Senate Democratic Leader Arthenia Joyner recalls Muhammad Ali as a man “who never backed down, who fought the good fight.”
Ali, the three-time world heavyweight champion and vocal social activist, died Friday at age 74 of septic shock after being hospitalized in the Phoenix area with respiratory problems.
Joyner first met Ali in the early 1970s, when the Boxer spoke at a convention of the National Bar Association, the nation’s leading organization representing African-American attorneys, judges and legal professionals.
“I saw him in the ring for the first time at Madison Square Garden on January 28, 1974,” the Tampa Democrat wrote in a statement Saturday. “And I had the opportunity to watch his boxing prowess again the following year when he defeated Ron Lyle in Las Vegas.
“Throughout his career, the same courageous heart that carried him to win 56 of his 61 fights reached far beyond the ring,” Joyner said. “He was a civil rights hero who stood up for what he believed at a time when civil rights were not always championed, and even though, many times, he stood alone.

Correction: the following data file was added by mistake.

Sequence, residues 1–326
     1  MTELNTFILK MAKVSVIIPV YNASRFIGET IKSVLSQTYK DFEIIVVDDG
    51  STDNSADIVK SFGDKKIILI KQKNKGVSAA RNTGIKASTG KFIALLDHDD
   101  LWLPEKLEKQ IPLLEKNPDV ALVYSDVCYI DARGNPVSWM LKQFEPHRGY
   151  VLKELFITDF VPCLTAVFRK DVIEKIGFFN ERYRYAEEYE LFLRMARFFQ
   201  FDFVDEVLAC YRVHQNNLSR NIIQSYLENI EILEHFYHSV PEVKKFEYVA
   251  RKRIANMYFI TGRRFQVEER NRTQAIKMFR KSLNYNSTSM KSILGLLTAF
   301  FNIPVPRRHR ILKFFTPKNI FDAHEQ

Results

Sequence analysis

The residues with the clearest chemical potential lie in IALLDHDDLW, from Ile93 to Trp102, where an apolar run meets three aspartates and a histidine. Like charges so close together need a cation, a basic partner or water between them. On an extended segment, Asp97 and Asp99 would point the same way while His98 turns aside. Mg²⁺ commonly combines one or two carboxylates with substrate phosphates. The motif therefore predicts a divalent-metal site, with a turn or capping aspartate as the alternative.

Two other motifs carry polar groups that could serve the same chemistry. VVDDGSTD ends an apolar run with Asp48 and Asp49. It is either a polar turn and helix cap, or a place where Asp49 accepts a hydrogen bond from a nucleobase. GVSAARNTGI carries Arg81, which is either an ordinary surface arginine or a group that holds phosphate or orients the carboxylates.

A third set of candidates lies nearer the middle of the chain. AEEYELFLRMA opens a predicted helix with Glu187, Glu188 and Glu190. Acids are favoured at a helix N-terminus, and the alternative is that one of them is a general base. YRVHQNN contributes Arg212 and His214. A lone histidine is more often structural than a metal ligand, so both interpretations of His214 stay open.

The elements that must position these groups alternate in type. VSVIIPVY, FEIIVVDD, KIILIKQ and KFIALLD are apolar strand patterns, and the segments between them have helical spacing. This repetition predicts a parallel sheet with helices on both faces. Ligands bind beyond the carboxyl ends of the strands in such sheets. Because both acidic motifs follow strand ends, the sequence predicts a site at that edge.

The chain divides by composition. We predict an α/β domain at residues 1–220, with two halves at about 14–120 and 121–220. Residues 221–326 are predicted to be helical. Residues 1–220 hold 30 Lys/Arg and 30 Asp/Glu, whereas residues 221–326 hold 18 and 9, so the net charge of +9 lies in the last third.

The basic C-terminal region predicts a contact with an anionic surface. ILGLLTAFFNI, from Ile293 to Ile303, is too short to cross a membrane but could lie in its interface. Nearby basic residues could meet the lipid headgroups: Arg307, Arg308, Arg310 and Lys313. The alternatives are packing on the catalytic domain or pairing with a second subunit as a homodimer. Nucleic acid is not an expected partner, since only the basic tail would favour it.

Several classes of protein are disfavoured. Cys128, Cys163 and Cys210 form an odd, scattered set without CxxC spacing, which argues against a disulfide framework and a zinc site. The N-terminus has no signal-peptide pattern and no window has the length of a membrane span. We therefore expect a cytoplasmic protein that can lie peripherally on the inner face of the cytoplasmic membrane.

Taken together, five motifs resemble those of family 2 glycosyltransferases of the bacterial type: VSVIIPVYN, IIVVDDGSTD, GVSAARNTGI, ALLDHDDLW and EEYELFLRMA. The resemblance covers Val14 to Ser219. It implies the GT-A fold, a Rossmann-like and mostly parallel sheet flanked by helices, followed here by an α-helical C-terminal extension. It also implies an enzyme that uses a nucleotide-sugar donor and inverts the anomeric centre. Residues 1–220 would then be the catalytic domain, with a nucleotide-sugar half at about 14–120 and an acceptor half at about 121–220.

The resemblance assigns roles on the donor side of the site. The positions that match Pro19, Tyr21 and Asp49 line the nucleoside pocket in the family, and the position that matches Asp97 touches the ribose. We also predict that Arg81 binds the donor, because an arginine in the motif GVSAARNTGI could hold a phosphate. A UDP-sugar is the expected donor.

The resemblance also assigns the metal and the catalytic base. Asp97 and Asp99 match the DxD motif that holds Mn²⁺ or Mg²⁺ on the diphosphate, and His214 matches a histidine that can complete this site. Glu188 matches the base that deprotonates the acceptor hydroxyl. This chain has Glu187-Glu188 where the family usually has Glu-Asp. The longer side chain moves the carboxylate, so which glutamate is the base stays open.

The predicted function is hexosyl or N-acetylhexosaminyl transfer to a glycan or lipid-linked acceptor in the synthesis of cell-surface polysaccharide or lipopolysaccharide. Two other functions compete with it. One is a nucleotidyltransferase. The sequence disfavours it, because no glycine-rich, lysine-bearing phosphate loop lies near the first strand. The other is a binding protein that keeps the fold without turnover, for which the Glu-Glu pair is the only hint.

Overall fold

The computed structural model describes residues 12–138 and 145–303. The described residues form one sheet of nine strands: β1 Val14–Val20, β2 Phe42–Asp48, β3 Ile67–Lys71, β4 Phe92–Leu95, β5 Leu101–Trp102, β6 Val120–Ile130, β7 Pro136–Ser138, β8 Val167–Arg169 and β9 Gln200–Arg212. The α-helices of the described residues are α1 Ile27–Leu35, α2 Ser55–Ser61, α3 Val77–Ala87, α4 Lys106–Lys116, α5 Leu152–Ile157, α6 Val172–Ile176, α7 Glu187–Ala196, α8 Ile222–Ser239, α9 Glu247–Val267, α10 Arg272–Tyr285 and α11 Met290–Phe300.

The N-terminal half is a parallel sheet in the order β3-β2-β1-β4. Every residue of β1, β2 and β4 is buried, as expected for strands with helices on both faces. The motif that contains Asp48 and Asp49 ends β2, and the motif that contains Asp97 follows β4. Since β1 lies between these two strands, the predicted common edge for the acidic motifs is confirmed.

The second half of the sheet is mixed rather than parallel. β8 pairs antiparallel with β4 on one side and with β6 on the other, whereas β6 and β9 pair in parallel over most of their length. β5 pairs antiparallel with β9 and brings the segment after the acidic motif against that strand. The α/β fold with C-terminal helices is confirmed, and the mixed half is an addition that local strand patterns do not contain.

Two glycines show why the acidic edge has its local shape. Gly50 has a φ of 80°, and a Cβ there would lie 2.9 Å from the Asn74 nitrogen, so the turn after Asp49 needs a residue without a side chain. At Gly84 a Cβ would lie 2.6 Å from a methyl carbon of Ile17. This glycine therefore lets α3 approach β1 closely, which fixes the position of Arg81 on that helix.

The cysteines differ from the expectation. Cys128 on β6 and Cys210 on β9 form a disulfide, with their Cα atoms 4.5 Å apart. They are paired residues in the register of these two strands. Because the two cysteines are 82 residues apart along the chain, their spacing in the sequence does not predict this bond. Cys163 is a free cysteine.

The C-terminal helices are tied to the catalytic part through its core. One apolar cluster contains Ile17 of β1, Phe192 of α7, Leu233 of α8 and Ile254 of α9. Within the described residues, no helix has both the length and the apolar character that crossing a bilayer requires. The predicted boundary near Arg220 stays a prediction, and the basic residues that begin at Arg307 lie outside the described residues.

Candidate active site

Ali, born Cassius Clay in 1942 in Louisville, Kentucky, became an inspiration to fans worldwide both in and outside the ring. In 1964, at age 22, he defeated world heavyweight champion Sonny Liston in a stunning upset. Soon afterward, Clay converted to Islam, and dropped his “slave” name to become Muhammed Ali, inspiring African-Americans by rejecting a symbol of white dominance.
Ali then went on to win the title twice more — 1974 and 1978 — and remains the only three-time heavyweight champion. In addition to the Liston fight, Ali’s other legendary matches included the 1974 “Rumble in the Jungle” with George Foreman and the 1975 “Thrilla in Manilla” against Joe Frazier, considered by some to be the greatest fight of all time. “Rumble in the Jungle,” which took place in Kinshasa, Zaire, was documented in the 1996 film “When We Were Kings.”
Sports Illustrated crowned Ali “Sportsman of the Century;” and the BBC named him “Sports Personality of the Century.” Ali retired from boxing in 1981.
“Asked at one time how he would like to be remembered,” Joyner continued, “Ali reportedly answered: ‘As a man who never sold out his people. But if that’s too much, then just a good boxer.’ The world will remember him as both.”
Joyner, like Ali, has also been part of a long history in the struggle for justice. She served as one of the first participants in civil rights demonstrations in Tampa, arrested twice while attending Florida A & M University for in the effort to desegregate movie theaters.
In 1985, as President of the National Bar Association, Joyner was arrested protesting apartheid outside the South African Embassy in Washington, DC.
“As we mourn his passing,” Joyner said, “let us celebrate that legacy of the man who never backed down, who fought the good fight, for himself, and for so many others.”